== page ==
Creating a product vision requires input from multiple sources. If product owners want to build a successful product, they need to survey internal and external stakeholders across the organization. That way, they'll have a product vision that captures both customer needs and the company's objectives. 

2. Create the product backlog.

The product backlog is another document that guides your design and engineering teams. This is a list of tasks that needs to be completed during the sprint.

The product owner is responsible for creating this list and prioritizing each task for the development team. They need to foresee which tasks will take more time than others, and which ones are dependent on each other. That way, one engineering team won't stall out waiting for another team to finish their duties.

3. Analyze industry trends and customer needs. 

At the end of the day, your products are for your customers. So, your product owner should be closely connected with your customer base if you want to create effective products. He or she should routinely interview customers and analyze their feedback for trends and insights. 

One way that product owners collect feedback is through surveys. They'll ask loyal customers about the company's existing products, then encourage them to provide honest feedback about how they can improve their experience. They'll look for similarities or patterns in the data and record common pain-points that customers are experiencing. That way, they can relay this information back to their development teams and justify their product vision.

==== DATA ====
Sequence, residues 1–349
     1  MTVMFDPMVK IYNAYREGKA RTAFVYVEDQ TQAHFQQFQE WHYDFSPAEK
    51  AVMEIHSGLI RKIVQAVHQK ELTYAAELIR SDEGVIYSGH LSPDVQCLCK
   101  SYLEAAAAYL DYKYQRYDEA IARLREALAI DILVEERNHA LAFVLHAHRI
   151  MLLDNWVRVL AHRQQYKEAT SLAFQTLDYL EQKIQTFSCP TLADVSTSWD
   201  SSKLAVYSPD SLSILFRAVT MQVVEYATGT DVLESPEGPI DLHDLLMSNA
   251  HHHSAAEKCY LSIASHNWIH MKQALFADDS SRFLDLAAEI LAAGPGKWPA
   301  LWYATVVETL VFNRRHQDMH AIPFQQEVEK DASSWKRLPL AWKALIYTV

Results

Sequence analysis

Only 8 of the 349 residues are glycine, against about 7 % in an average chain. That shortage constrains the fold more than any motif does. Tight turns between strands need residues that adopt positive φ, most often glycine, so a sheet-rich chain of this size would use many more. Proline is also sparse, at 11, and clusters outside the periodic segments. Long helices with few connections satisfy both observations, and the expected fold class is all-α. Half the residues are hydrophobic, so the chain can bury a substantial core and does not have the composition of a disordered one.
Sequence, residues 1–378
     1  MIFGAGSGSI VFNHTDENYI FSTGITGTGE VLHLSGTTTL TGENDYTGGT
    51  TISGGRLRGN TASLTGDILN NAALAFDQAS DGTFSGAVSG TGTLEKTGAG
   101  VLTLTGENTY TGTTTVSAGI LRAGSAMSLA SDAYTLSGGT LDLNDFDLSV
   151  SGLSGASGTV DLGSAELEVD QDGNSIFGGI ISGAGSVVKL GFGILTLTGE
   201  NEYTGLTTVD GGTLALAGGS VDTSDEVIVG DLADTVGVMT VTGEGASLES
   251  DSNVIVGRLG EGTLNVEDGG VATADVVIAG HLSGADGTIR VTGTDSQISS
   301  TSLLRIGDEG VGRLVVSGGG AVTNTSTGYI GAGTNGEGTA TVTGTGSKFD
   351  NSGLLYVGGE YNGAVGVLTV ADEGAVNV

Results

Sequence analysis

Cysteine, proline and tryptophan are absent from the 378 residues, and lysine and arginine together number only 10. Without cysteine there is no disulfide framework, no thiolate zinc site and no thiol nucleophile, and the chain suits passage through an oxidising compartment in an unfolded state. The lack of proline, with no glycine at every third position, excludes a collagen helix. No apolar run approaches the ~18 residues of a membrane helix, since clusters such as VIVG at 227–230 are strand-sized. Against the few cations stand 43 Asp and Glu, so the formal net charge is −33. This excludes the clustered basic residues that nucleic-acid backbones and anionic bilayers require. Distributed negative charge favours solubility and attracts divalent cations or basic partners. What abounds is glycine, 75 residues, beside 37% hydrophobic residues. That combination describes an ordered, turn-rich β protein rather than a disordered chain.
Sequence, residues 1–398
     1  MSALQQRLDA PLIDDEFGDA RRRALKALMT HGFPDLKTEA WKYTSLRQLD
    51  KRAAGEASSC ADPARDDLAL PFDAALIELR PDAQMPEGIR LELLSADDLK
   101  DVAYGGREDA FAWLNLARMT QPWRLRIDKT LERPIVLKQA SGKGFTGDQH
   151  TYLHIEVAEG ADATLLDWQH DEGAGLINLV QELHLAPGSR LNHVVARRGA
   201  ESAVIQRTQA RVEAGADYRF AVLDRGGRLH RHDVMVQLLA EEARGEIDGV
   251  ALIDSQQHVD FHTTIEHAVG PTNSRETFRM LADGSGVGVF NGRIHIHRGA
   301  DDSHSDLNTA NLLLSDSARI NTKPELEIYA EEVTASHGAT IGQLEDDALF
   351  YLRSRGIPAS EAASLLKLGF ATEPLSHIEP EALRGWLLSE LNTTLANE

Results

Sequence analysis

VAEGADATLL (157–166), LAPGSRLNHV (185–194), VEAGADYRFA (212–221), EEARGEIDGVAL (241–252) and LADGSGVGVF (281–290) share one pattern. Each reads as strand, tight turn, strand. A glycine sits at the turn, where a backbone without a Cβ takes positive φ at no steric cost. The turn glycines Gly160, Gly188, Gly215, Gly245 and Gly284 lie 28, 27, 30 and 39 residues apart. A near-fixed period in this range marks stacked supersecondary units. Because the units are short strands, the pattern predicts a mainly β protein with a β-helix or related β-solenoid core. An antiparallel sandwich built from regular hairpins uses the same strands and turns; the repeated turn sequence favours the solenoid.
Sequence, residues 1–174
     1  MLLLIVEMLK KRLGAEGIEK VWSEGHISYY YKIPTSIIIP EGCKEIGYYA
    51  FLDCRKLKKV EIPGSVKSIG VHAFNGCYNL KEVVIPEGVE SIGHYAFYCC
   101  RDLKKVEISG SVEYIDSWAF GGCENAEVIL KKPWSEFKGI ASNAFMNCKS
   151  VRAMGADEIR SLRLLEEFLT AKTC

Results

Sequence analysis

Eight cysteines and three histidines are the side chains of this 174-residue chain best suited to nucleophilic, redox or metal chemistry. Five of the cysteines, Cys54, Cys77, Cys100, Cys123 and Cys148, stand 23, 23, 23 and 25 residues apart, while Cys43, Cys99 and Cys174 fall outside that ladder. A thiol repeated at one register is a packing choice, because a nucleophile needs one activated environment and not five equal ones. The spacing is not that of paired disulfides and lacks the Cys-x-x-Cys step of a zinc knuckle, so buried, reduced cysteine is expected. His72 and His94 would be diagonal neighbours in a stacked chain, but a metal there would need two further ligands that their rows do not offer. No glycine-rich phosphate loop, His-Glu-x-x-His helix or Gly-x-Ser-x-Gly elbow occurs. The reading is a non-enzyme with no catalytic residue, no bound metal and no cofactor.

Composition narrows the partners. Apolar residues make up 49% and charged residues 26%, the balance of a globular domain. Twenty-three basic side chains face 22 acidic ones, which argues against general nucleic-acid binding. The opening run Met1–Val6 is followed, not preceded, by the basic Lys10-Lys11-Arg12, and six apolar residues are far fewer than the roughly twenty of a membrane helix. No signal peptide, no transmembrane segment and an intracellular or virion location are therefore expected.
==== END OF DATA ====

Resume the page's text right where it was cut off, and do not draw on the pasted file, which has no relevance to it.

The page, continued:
4. Collaborate with key stakeholders. 

Product owners don't just interact with customers, they also engage with key stakeholders across the business. For example, they'll work closely with the product manager to set deadlines and create a perfect product roadmap. They'll also hold meetings with executives and upper management to get approval on adding new features to the product vision. They can even work with marketing, sales, and customer service teams to help them prepare for the product launch. 

As the master of the product's vision, product owners need to make sure everyone at their company understands the product and how it will benefit their customers. 

5. Ensure product quality. 

Once the product vision and backlog are complete, the product owner needs to take a small step back and let the scrum master and product manager execute the product roadmap. However, that doesn't mean the product owner is off the hook.